This also co-coincided with classified security encoded messages which were formatted in the same 5 char blocks.
    Max.
     
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  7. alfacliff

    Well-Known Member

    Dec 13, 2013
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    I used to listen in as they trained in morse. knowing morse due to having earned a ham liscense before going into the army helped a lot. I had a 1st class commercial liscense then too, so I got to work on transmitters I had not trained on. made life more interesting.
     
  8. MaxHeadRoom

    Expert

    Jul 18, 2013
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    I had to work occasionally to the civilian professionals, Cable & Wireless Co etc, I had to send QRS a few times as these guys were used to 35+ words a Min.
    Incidentally I was on a Radio training exercise on the edge of the Libyan Desert when the WW11 B24 Liberator, 'Lady be Good' was found after being lost during WW11 so I got to report that back to HQ.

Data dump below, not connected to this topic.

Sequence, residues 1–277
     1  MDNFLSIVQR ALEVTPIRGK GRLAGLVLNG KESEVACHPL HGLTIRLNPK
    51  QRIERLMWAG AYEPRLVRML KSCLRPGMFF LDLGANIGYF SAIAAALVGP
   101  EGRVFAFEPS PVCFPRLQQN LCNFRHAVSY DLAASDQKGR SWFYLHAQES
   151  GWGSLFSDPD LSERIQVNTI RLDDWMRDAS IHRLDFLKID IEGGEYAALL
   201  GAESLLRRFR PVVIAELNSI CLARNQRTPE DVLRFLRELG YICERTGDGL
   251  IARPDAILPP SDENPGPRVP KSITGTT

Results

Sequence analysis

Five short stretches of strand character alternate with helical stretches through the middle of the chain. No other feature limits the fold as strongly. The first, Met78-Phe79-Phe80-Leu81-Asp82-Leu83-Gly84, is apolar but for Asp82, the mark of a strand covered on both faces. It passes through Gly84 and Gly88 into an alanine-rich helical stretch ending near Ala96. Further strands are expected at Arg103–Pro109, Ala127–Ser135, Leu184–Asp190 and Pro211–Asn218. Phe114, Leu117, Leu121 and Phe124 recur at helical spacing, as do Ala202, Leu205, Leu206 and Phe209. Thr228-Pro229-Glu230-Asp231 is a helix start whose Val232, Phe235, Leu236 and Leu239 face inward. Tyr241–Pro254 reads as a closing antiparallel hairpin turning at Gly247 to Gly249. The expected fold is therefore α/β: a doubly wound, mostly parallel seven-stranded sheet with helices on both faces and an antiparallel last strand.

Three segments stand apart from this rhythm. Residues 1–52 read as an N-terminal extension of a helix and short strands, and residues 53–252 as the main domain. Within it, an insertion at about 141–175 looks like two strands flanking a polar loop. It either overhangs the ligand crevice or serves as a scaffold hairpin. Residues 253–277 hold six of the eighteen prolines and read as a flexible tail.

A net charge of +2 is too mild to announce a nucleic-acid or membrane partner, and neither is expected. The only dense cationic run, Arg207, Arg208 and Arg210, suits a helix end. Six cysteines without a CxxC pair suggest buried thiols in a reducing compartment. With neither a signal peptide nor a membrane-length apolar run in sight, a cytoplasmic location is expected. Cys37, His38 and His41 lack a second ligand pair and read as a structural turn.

Max.
     
  9. bhuvanesh

    Thread Starter Member

    Aug 10, 2013
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    what that 45 baud is 60wpm in bauddot mean?
     
  10. alfacliff

    Well-Known Member

    Dec 13, 2013
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    baudot is a 5 bit code used by older teletype systems. the standard was so people could be charged for number of words sent in the old days.
     
  11. Metalmann

    Active Member

    Dec 8, 2012
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    This reminds me of my highest score in Typing class.
    52 WPM.:D

    Nowadays, I get closer to 1 word per minute.;)
     
  12. Papabravo

    Expert

    Feb 24, 2006